Triniti’s Transformation: How A Restaurant And Bar Stayed In Business By Learning To Evolve
Triniti and now, its sister, Sanctuari — a bar and lounge situated inside the restaurant at 2815 S. Shepherd— has come into its own over the last four years. Evolving each step of the way, chef and managing partner Ryan Hildebrand says the restaurant is “totally different” from where it started and thinks “it is only just now what it will always be.”
Sitting down for an interview along with Sanctuari’s beverage and creative director, Laurie Sheddan Harvey, Hildebrand explains why all this upheaval was necessary to stay in business and the philosophies behind each change.
Explain how and why Sanctuari — the separately branded bar and lounge located within the restaurant — completed the Triniti puzzle.
Hildebrand: We had a lounge in existence, but it was more just an amenity for the restaurant rather than an entity all its own. Laurie’s cocktail program a warranted a separate attention: its own space, its own website. It’s challenging to get people to go into a restaurant just to go to the bar. Up until Laurie, it was just a place to get a cocktail, but it wasn’t about the cocktail. Her being here and having it finally at our disposal, it became an organic progression. Since Sanctuari, we see people coming into the bar before dinner and then ending up back in Sanctuari after dinner. We’re keeping them in the building now for that second part of their night.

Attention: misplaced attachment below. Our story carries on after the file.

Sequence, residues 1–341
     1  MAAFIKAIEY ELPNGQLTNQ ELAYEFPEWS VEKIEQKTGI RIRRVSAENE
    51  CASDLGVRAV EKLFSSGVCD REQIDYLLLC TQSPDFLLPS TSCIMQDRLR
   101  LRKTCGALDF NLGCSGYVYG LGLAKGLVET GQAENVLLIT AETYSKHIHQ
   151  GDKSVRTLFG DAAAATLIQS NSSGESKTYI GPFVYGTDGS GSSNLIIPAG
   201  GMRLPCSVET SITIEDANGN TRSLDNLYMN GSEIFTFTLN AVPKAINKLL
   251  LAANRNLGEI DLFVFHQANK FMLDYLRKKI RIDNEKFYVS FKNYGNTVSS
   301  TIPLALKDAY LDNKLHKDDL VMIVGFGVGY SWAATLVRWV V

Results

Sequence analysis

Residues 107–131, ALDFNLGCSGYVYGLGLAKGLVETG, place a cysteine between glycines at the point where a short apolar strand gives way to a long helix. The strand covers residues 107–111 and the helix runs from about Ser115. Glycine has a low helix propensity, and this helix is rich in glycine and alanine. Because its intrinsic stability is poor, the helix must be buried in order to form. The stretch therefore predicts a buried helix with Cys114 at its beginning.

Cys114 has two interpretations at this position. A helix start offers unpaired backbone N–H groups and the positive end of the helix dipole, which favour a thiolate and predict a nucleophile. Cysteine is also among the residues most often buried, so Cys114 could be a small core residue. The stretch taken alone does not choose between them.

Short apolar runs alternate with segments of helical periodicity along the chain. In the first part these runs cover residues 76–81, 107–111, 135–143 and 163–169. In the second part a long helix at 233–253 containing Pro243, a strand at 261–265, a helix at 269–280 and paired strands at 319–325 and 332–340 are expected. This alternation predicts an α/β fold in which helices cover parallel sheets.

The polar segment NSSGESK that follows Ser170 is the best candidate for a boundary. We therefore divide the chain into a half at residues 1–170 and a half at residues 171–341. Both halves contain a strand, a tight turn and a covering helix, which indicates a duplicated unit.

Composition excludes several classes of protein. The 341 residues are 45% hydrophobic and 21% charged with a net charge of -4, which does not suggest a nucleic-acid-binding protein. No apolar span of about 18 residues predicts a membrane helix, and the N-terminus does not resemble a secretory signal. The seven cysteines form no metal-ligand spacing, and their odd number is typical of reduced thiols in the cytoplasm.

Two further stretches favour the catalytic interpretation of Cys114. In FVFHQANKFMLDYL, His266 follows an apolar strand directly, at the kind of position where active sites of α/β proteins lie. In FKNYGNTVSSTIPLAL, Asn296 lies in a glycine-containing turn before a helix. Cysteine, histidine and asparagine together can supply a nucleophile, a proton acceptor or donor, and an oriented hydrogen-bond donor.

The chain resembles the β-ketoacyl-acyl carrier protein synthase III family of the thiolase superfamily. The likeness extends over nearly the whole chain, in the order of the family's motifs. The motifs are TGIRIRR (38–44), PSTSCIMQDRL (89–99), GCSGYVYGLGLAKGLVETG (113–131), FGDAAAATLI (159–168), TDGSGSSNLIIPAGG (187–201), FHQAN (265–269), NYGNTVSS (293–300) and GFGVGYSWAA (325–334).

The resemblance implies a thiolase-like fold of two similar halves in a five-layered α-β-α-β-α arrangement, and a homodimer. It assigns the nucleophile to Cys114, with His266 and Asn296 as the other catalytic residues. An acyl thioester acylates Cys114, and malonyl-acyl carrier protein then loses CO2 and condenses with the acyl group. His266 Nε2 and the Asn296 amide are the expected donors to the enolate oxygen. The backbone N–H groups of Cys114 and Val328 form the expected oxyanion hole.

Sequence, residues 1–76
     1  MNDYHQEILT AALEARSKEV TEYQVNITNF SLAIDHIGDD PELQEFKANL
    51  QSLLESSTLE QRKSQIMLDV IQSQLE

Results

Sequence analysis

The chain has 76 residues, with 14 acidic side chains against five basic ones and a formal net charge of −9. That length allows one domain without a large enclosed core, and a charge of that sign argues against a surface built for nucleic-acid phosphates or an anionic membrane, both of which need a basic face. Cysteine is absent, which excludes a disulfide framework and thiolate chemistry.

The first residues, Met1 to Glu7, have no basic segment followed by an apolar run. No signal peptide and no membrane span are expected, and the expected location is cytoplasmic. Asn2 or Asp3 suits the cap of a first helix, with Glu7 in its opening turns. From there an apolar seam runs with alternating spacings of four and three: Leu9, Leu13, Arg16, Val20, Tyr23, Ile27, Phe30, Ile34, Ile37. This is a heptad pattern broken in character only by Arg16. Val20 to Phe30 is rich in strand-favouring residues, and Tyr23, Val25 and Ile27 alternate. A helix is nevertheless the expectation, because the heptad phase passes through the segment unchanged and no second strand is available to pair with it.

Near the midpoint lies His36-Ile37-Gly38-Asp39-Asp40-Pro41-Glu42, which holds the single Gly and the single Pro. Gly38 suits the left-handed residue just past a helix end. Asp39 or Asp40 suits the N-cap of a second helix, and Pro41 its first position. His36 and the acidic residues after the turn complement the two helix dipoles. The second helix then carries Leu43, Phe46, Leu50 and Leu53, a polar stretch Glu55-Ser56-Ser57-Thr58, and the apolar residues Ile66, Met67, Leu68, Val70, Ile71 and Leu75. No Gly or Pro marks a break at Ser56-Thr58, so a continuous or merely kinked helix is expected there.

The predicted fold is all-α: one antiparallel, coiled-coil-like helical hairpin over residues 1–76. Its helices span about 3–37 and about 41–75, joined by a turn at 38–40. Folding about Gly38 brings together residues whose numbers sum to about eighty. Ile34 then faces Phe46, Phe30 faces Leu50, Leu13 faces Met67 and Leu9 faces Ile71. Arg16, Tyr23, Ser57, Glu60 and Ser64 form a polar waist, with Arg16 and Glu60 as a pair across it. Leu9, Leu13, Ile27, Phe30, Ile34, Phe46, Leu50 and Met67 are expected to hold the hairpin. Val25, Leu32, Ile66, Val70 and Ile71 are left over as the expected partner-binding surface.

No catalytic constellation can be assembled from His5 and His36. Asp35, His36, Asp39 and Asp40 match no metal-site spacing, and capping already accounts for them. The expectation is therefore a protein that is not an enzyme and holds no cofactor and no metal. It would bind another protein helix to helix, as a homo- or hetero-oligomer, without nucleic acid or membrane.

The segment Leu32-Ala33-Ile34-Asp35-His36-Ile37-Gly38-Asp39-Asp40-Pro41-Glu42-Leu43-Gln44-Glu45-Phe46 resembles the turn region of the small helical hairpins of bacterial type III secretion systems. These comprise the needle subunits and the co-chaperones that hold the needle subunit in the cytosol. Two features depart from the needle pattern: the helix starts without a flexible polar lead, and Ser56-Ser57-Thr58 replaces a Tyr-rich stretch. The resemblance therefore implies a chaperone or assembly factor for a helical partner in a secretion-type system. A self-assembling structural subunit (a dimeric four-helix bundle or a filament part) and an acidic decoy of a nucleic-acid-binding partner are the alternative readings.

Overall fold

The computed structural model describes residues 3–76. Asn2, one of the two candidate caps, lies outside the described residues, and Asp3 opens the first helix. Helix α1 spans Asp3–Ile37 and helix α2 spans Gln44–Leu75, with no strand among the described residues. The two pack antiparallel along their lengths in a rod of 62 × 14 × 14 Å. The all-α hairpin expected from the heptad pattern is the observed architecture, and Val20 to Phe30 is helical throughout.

Harvey: The most important thing for us was to make sure that the space was beautiful and had its own identity. It needed to be more comfortable for people to come and sit down and enjoy the lounge for a long time. It wasn’t really conducive to that before.
At what point did you realize that creating Sanctuari as its own bar and lounge was the right approach?
Hildebrand: For me, it’s the fact that we have people populating the bar — not just before and after dinner — but throughout the night. Where, previously, in the middle of service, around 8 p.m., the bar would be empty. It was just dead space. Now, it’s just a more consistent service from beginning to end. I love it when people come in here and don’t eat, come in here and just drink. I think that’s a success.
What are some other benefits of creating a bar that has a completely separate identity and space within the building?
Hildebrand: Expanding the lounge was two-fold. It made the lounge bigger, which we needed. It also made the dining room smaller, which we also needed. A slow night isn’t that bad in the restaurant, unless it’s 40-50 people sitting in a 220-seat restaurant (which is the way it used to be). It feels cavernous. This space is huge. The ceilings are high. It’s a big building. When it’s not full, it lacks an energy that you have to have. Sanctuari helps that.
How do you ease people into creative cocktails that may otherwise be intimidated?